At night, Jenny McKay is alive for a few fleeting moments in the dreams of her family members. Other nights, they awake in fear, haunted by intense nightmares of her gruesome murder or of her killer — and husband — Jason McKay.
"He was supposed to love and protect her, instead he threatened her, abused her and butchered her," said Doug Campbell, Jenny's dad. He presented a victim impact statement by phone on Thursday to Regina's Court of Queen's Bench at Jason McKay's sentencing hearing. In January, McKay had been convicted after a judge-alone trial of second-degree murder for killing Jenny, 33, in 2017.
Jenny McKay's family members submitted eight victim impact statements that brought up her bright and free spirit, her love for their family home in Nova Scotia and their bonds. The statements also detailed deep heartache and lingering trauma since the murder.
Her close relatives addressed an ongoing fear of Jason — a man the family trusted and thought they knew.
"I don't trust him, and my daughter and others close to me are afraid of him getting out," said Doug Campbell. He and his wife, Glenda, called on the court to find justice for Jenny.
The minimum sentence for second-degree murder in Canada is life in prison with no chance at parole for 10 years, but sentences can be as long as life in prison without parole for 25 years.
Justice Michael Tochor, who delivered a brief oral decision Thursday afternoon, ruled McKay, 48, must wait 17 years before he can apply for parole.
Crown prosecutor Adam Breker had asked for 18 years, while defence lawyer Thomas Hynes had asked for between 12 and 15 years.
Warning: the following section contains disturbing details
Some factors Tochor considered included McKay's prior convictions for assault causing bodily harm, Jenny's calls to 911, where she described fearing for her life, and other incidents of violence toward Jenny before her death.
He described the crime as an "act of unspeakable brutality," noting how Jason repeatedly stabbed his wife dozens of times, with most wounds to her neck and chest. Jason took photos of her lifeless body, and stabbed her even more after death.
The period of parole ineligibility begins from the date of Jason's arrest on Sept. 6, 2017, the night that forever altered the McKay and Campbell families.
"My heart has become numb most of the time and I feel like if I allow myself to fully feel I will never stop crying," said Jenny McKay's mom, Glenda Campbell. She only has pictures left, and at times she wishes she could crawl into a photo just to be with her daughter.
Campbell said she'll never find closure.
She can't help see images of her daughter scared and alone as her husband was "gruesomely draining her life from her" — or wandering the streets of Regina with a few clothes, her guitar and a favourite painting trying to escape the abuse.
"For me the crime started long before her murder — years of being beaten down."
Evidence of domestic violence
Doug Campbell said it was difficult to read Jenny's diary, which detailed Jason's verbal and physical abuse. The family struggled to listen to all the evidence of abuse detailed in court. They had known trouble existed in the relationship, but they didn't know how bad it was nor that it would escalate to her being "slaughtered."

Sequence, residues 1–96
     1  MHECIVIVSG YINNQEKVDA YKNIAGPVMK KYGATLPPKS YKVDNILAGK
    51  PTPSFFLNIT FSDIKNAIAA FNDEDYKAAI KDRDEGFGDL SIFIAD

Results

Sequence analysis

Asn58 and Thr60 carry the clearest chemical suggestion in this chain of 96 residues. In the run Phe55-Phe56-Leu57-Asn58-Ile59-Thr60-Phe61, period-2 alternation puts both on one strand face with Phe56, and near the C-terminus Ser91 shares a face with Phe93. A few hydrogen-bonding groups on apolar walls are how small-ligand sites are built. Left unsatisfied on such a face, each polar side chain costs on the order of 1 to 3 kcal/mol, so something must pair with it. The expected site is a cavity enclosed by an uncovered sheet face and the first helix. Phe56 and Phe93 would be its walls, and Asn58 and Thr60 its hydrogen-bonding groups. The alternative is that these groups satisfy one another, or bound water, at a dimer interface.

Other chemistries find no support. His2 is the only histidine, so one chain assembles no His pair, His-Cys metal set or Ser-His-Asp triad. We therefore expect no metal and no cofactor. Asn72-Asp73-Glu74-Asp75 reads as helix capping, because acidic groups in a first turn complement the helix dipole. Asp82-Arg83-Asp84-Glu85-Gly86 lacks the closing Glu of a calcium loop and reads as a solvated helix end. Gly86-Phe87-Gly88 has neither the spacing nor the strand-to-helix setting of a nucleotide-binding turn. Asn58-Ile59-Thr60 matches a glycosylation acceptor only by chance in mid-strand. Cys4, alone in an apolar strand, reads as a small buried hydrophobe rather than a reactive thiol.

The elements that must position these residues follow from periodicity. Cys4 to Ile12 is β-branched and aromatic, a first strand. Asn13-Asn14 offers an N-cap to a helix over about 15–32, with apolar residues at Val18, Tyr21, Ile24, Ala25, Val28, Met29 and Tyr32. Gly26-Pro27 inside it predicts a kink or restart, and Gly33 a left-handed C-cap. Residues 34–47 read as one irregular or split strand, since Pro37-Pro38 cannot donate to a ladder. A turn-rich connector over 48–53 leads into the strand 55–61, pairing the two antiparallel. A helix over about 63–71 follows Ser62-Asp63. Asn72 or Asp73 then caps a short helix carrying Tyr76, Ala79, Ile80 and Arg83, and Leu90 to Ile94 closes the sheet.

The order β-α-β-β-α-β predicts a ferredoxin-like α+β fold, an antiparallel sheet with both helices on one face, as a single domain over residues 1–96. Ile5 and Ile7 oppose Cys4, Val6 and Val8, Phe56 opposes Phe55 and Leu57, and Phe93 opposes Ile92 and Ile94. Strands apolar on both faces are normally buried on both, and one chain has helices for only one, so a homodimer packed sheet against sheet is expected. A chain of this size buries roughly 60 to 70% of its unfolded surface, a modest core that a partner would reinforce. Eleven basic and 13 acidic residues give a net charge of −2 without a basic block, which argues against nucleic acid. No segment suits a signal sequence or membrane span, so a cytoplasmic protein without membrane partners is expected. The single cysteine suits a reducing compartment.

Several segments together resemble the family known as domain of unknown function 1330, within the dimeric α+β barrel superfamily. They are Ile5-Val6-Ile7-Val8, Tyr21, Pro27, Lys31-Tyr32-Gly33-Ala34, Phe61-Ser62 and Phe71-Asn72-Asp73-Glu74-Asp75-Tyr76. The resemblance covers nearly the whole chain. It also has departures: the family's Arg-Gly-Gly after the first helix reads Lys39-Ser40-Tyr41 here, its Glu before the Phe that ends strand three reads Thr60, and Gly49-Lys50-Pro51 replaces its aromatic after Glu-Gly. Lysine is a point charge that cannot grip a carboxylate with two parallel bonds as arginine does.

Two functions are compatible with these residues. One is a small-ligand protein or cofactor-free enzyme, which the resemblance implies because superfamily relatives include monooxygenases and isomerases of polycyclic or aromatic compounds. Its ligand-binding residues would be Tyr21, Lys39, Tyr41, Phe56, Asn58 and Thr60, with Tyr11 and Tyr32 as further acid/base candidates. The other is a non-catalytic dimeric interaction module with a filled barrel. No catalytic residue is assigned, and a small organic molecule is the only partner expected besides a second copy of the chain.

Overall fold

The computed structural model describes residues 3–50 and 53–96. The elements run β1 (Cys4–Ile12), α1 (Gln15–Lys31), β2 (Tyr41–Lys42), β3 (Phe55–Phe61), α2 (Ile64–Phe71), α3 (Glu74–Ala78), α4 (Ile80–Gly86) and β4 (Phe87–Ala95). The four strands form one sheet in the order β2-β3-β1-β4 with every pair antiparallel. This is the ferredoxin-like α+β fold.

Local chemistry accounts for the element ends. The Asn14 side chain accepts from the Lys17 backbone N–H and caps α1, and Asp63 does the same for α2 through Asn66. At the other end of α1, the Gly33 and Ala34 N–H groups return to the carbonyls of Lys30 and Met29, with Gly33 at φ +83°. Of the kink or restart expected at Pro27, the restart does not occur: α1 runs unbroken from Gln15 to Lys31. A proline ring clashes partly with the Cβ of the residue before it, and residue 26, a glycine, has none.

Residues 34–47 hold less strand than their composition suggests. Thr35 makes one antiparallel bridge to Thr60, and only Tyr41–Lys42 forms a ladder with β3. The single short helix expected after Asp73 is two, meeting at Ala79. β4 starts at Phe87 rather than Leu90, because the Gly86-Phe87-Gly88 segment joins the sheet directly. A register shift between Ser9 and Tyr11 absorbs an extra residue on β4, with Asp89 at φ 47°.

Jenny's sister, Ally, said hearing her sister plead with 911 was one of the saddest things she had ever heard. She wondered if she had failed her best friend and big sister.
Saskatchewan has one of the highest rates of intimate partner violence in the country, and it's hard forand full shelters.
Campbell still wrestles with many questions: "Why didn't he just let her leave? Why wouldn't he ever let her come home by herself for a visit or a Christmas? Why did he have to control every part of her life?"
Jenny's close cousin Pamela Adams said family members now wonder if they will be able to protect their children from what happened to Jenny. She said doubt and mistrust has crept into relationships, as people remain on a constant quest to identify red flags, fearing they won't be able to see the signs of domestic violence.
Adams's voice broke as she spoke of her personal guilt.
"How could I have missed her cries for help? Should I have done more to help her?"
Ben Campbell, Jenny's brother, said he will forever be haunted by knowing someone so close to their family could do this to her.
He remembers his sister as loyal, melancholy, rebellious, artistic and a free spirit. Perhaps most notably he remembers her as a big dreamer who was still learning and who was ready to make a change.
"I believe that the best days of her life were still ahead of her," he said. "Because she was murdered, that life was taken from her, that future was wiped from possibility."
'I hope he finds remorse': Doug Campbell
He also believes she was robbed of her chance to be soothed in death with "no one to tell her it would be OK, no one to tell her that her life mattered and she was loved."
Jason did address the court, speaking about his mental health struggles and asking to be sent to a psychiatric centre.
He maintained, as he did at trial, that he did not willfully kill his wife, that he was remorseful and asked "the Lord" to have mercy on his soul.
In closing his victim impact statement, Doug Campbell said Jason repeatedly blamed Jenny for what had happened.
"I hope [Jason] finds not just remorse for what he did but actual repentance, which is to own the crime before God and quit trying to find an excuse for it."
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Published on: July 2, 2020